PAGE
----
Stops Two Dietary Supplement Firms From Selling "Cure
5, 2004 - NEWSdial.com)
The Food and Drug Administration (FDA) today announced that Seasilver
USA, Inc., and Americaloe, Inc., of Carlsbad, California, and
their principals, Bela Berkes and Jason Berkes, have signed a
consent decree of permanent injunction in which they agreed to
stop manufacturing and distributing violative products, including “Seasilver” – a
purported cure-all liquid supplement. This action is the culmination
of coordinated efforts by FDA and the Federal Trade Commission
(FTC) to act against the marketing of these violative products.
is yet another example of FDA’s strong commitment to protect
the public from unscrupulous dietary supplement manufacturers
that make unsubstantiated drug claims,” said FDA Commissioner
Mark B. McClellan, M.D., Ph.D.
consent decree gives FDA the authority to order the firm to discontinue
the marketing of and recall any products that violate the law
in the future. The decree also allows for liquidated damages
for any further violations. The liquidated damages provision
of the consent decree requires the companies and their principals
to pay $1,000.00 for each article distributed in interstate commerce
in violation of the consent decree, the retail value of each
lot manufactured in violation of the consent decree, but not
distributed in interstate commerce, and $10,000.00 per day, per
violation for any other violations of the consent decree. The
consent decree was signed on March 8, 2004, by United States
District Judge William Q. Hayes in San Diego, Calif.
consent decree follows a coordinated effort in June 2003 between
the Federal Trade Commission (FTC) and the FDA against Seasilver
U.S.A., Inc., and Americaloe, Inc., their owners, and two of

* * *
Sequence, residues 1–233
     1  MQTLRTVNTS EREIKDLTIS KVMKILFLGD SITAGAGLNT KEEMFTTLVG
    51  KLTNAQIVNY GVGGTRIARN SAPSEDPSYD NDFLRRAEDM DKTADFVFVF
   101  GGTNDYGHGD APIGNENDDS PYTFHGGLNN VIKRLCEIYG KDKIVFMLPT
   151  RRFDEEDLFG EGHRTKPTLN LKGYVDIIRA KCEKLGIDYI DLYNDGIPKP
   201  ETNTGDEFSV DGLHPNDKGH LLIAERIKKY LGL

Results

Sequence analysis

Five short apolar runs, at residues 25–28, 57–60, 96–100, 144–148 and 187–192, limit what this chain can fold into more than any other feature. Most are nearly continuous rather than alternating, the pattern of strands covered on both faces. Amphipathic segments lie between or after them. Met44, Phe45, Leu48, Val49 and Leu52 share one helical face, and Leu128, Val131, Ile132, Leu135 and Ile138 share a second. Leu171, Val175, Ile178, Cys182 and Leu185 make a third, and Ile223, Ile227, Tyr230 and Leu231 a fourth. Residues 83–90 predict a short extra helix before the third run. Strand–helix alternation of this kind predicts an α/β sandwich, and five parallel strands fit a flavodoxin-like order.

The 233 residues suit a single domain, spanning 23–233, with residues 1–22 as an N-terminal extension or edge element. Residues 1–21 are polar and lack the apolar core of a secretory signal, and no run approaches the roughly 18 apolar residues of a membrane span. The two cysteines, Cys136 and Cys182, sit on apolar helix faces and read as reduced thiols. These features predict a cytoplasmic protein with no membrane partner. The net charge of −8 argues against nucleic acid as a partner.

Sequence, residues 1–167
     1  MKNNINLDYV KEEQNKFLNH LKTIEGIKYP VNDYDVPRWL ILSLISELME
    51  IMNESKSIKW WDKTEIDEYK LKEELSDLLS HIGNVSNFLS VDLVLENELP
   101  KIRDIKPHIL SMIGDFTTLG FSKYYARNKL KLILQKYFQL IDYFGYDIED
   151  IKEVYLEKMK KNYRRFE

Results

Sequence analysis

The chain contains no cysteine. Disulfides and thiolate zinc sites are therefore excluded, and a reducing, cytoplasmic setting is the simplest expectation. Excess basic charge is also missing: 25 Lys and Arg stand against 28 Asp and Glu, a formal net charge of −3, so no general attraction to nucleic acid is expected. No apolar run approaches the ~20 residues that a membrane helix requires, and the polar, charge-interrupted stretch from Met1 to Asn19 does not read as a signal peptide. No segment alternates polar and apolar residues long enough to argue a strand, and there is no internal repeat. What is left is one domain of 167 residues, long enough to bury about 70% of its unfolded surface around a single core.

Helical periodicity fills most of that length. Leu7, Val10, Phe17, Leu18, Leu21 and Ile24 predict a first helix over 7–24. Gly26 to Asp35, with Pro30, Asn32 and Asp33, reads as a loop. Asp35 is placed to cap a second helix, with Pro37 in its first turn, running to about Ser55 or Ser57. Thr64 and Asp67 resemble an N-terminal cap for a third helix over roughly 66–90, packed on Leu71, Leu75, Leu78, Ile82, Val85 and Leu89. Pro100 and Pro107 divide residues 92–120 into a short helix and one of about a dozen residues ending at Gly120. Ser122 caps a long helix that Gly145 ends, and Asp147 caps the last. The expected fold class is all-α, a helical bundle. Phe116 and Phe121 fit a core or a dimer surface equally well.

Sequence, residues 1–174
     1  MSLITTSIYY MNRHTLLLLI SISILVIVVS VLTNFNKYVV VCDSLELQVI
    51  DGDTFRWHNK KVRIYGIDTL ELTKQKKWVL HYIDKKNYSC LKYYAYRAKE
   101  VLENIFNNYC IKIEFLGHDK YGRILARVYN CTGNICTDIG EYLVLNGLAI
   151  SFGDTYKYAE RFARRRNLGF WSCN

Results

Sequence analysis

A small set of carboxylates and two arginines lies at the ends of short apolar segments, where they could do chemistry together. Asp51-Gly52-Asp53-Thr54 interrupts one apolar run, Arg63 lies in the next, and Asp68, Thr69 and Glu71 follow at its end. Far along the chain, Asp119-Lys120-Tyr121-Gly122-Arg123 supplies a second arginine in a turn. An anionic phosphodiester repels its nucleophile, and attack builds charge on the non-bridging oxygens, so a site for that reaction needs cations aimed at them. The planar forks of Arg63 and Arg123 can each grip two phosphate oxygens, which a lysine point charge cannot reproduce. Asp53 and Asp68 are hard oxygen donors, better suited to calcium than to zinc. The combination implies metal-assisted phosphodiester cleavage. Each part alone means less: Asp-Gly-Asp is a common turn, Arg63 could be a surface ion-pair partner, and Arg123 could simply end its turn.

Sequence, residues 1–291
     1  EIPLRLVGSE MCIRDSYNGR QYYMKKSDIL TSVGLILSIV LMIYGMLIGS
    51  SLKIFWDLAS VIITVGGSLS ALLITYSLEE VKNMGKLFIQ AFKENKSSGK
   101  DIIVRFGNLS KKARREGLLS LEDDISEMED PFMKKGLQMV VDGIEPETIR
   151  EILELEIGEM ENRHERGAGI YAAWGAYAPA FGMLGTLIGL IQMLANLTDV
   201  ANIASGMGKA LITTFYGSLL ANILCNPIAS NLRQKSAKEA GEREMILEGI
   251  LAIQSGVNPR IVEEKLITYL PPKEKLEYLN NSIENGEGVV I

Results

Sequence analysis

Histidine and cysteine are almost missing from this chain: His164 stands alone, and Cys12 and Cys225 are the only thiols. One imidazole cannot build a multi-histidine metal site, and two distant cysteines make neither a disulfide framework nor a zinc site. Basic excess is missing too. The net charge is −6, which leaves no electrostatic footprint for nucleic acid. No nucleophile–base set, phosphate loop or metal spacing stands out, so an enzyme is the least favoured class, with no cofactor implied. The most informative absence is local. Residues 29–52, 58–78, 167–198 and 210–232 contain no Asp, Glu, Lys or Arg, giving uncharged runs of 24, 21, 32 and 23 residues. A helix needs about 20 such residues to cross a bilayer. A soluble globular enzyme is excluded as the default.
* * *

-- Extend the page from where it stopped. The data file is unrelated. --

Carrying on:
the companies' principal distributors. On June 16, 2003, at FDA’s
request, U.S. Marshals seized 132,480 bottles of Seasilver, worth
nearly $5.3 million, from Seasilver USA’s San Diego headquarters.
Government’s complaint alleges that, although Seasilver
USA markets Seasilver as a dietary supplement, the companies
promote it on the Internet and in marketing materials sent with
the product as a treatment for “over 650” diseases
including, for example, cancer, heart disease, stroke, diabetes,
hepatitis, arthritis, depression and other diseases. These claims
cause Seasilver to be an unapproved new drug under the Federal
Food, Drug, and Cosmetic Act (FD&C Act). Such claims also
cause Seasilver to be misbranded under the FD&C Act because
it lacks adequate directions for use.
labeling also contains claims such as “cleanses your vital
organs” and “oxygenates your body’s cells.” These
claims show that Seasilver is intended to affect the structure
or function of the body. Because the claims are unsubstantiated,
Seasilver is misbranded under the FD&C Act.
FTC, which regulates dietary supplement advertising, alleges,
in part, that the defendants promoted Seasilver through false
claims that it was clinically proven to treat or cure 650 diseases,
including cancer and AIDS. Under a settlement with the FTC, entered
on March 4, 2004, the Seasilver defendants and the individual
distributors agreed to pay $4.5 million in consumer redress.
In addition, the FTC settlements also bar defendants from making
any false or misleading claims about the benefits of any food,
drug, or dietary supplement.
claims for Seasilver threatened consumers’ health by encouraging
delays and replacements for proven treatments," said Howard
Beales, Director of the FTC's Bureau of Consumer Protection. "The
FTC and FDA are committed to taking aggressive action against
false and unsubstantiated claims in the dietary supplement market.
Products touted as cure-alls almost always cure nothing.”
a result of FDA’s consent decree, Seasilver U.S.A. and
Americaloe, Inc., will destroy the seized products at their expense
under the supervision of a Department of Health and Human Services
representative within 60 days of posting bond.
to April 2004 News Archives